CORONAVIRUS vaccines do not contain pork or make you infertile: a celebrity advertising campaign is striving to counter a worrying lag among certain ethnic minorities affecting Britain’s otherwise impressive inoculation rollout.
But, experts argue, anti-disinformation drives need to overcome mistrust of the government among black and South Asian people, who have been dying in disproportionate numbers from Covid-19 but who remain scarred by endemic racism and past drugs scandals.
“This isn’t about blaming individuals,” according to Nikita Kanani, medical director of primary care for NHS (National Health Service) England.
She told a briefing organised by the British Asian Trust to encourage vaccine take-up that a lack of trust goes back “centuries” in some communities, citing “traumatic” experiences such as inappropriate testing of drugs on black people.
“What we want to do, what we need to do, is move past that to make sure people get the vaccine,” Kanani said.
The government has been working with faith and community leaders, establishing vaccination hubs at mosques, temples and gurdwaras.
Imams are counselling Muslims that taking a vaccine does not breach the fasting month of Ramadan, which starts in mid-April. Both Muslims and Jews have been assured the jabs do not contain pork, or foetal stem cells.
Initiatives include a new TV campaign featuring well-known black and South Asian celebrities. One notes that the Pfizer-BioNTech vaccine was developed by a German-Turkish Muslim couple.
That vaccine and another developed by Oxford University and AstraZeneca are just as safe for ethnic minorities as for white people, the campaign stresses.
“There is no chip or tracker in the vaccine to keep watching where you go,” comedian and TV presenter Romesh Ranganathan adds. “Your mobile phone actually does a much better job of that.”
About 86 per cent of the UK population is white, and take-up of the vaccines since the world’s first inoculation campaign launched in December is running at around 90 per cent.
The government plans to offer a first dose to every adult by the end of July. But isolated Covid hotspots could persist if hesitancy lingers among certain demographics.
The infection rate among the Hasidic Jewish community in London’s Stamford Hill area was 64 per cent in early December, one of the highest rates recorded anywhere in the world, according to the London School of Hygiene and Tropical Medicine.
Figures from OpenSAFELY, a database run by the London school and Oxford University, showed that vaccine take-up by early February among Bangladeshi and Pakistani communities stood at just 59 per cent.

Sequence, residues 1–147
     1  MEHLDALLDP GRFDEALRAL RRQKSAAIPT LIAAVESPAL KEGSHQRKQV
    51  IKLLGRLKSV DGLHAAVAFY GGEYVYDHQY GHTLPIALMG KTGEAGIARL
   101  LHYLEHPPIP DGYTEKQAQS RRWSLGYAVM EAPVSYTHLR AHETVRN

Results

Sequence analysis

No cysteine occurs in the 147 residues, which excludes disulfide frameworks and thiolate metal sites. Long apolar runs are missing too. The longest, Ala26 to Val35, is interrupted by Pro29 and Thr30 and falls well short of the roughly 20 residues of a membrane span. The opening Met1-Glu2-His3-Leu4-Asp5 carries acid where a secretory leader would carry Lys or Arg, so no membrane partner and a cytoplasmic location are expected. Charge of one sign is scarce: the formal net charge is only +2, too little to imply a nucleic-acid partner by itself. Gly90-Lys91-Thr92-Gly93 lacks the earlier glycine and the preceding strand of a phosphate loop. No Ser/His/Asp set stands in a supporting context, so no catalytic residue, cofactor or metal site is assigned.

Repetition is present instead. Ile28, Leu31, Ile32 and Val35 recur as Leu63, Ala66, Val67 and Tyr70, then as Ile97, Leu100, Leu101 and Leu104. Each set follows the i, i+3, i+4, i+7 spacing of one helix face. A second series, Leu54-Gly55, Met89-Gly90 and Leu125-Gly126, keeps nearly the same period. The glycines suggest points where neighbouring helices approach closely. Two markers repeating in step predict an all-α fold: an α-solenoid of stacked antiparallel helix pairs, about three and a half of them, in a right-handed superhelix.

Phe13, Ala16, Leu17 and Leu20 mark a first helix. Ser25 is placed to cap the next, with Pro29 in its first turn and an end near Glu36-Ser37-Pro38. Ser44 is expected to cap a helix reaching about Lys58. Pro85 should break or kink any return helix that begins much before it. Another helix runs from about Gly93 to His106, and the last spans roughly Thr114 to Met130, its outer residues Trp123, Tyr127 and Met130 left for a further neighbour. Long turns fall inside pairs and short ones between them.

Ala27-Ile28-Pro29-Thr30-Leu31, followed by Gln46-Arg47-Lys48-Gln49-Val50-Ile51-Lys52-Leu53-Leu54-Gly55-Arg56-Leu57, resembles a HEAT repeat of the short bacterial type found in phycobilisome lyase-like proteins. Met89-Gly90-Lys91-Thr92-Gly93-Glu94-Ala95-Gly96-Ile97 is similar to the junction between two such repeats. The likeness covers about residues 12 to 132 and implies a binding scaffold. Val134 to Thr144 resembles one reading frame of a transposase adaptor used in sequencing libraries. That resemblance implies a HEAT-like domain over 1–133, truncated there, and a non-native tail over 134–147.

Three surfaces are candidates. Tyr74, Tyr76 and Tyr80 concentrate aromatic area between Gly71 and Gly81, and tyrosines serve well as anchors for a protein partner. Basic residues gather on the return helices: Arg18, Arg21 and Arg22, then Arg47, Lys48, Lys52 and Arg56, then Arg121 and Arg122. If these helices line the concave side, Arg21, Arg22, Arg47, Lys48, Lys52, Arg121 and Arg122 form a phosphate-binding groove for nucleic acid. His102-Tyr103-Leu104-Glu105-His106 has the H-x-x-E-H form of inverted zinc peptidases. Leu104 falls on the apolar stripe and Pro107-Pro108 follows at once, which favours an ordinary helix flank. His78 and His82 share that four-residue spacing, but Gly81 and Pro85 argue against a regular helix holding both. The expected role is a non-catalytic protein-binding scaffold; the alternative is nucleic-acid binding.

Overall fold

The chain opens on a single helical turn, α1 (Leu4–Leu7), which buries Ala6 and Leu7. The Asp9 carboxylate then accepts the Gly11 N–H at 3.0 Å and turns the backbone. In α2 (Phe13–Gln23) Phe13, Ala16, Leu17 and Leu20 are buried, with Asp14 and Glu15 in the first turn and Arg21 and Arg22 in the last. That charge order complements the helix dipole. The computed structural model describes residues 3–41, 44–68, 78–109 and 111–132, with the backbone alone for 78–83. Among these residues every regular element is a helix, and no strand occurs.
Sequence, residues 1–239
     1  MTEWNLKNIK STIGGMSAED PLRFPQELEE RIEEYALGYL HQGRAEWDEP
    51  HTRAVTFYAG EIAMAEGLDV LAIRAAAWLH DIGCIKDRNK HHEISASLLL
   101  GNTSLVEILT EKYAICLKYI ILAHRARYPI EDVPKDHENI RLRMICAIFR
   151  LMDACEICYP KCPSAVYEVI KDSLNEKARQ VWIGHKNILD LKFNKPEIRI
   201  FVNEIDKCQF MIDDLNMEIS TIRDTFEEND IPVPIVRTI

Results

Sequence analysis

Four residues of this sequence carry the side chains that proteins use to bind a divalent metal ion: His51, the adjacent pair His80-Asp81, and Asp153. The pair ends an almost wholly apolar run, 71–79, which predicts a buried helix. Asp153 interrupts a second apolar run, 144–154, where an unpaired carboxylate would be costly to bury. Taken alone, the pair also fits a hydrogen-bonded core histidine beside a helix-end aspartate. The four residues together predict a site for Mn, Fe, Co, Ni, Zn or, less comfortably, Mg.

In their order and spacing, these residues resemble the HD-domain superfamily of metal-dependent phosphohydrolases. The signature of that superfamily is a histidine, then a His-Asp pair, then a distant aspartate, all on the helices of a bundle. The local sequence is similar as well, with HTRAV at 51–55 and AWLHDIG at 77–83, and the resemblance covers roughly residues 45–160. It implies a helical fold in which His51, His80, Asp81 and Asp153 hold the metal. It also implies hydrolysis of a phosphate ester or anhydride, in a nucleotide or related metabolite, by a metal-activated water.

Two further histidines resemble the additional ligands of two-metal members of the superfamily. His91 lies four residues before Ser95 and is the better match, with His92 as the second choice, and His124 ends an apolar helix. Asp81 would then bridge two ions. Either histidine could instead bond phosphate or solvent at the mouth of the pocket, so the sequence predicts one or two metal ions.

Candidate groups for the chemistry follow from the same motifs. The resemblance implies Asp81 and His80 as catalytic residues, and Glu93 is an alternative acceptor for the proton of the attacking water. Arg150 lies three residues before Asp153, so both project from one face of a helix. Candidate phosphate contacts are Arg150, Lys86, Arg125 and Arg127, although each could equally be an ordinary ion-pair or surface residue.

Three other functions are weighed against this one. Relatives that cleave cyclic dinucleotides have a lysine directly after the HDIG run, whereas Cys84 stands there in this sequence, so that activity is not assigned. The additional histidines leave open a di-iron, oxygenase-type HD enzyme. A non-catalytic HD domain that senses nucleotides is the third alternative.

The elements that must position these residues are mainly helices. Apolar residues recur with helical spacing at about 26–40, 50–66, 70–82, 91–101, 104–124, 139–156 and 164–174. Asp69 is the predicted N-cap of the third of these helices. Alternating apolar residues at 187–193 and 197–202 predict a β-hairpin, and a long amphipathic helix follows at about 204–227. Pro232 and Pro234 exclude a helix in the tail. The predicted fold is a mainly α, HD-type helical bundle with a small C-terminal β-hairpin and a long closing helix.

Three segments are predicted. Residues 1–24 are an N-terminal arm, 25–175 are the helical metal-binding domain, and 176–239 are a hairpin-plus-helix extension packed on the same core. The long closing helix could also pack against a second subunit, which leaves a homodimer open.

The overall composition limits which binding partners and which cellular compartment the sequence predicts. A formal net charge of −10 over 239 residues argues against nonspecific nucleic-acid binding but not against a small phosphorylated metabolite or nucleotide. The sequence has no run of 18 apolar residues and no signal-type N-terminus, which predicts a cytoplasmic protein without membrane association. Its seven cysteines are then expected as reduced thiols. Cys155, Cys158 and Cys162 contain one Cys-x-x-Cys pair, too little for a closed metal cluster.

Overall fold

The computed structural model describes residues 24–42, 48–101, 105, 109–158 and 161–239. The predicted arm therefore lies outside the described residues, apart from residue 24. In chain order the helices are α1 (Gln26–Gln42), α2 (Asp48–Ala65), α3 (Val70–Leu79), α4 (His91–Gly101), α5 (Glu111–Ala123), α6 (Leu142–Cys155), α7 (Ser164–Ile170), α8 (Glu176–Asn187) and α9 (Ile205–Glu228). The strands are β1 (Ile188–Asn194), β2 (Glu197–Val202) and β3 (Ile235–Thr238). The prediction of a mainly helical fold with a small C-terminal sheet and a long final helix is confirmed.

Among people of African heritage, it was under 49 per cent, although later data suggest the gap has narrowed slightly.
Britain’s largest black African population is from Nigeria, where anger remains over the deaths of 11 children in 1996 after they were administered an experimental meningitis vaccine by Pfizer.
“We have to be honest and admit that there have been reasons why there has been mistrust between the black community and healthcare systems,” medical professor Toyin Falusi Nwafor told the Nigerian faithful of north London’s Jesus House church, in a YouTube webinar.
The US-based doctor highlighted the notorious Tuskegee experiment, when government scientists monitored African-American men with syphilis for 40 years without giving them treatment.
In Britain, as in the US, ethnic minorities are disproportionately present in lower-paid jobs and overcrowded housing, and have more pre-existing health conditions such as diabetes — factors which make them more vulnerable to Covid-19.
Black British men are nearly three times more likely to die of the virus than white men, according to the Office for National Statistics. Mortality rates among people of Bangladeshi ethnicity are twice as high.
There are persistent complaints among some minorities that their concerns are not taken seriously by white medics.
Black women are five times more likely to die in childbirth in NHS hospitals than white ones, and more than 60 per cent of black people do not believe their health is equally protected, according to a cross-party parliamentary report in November.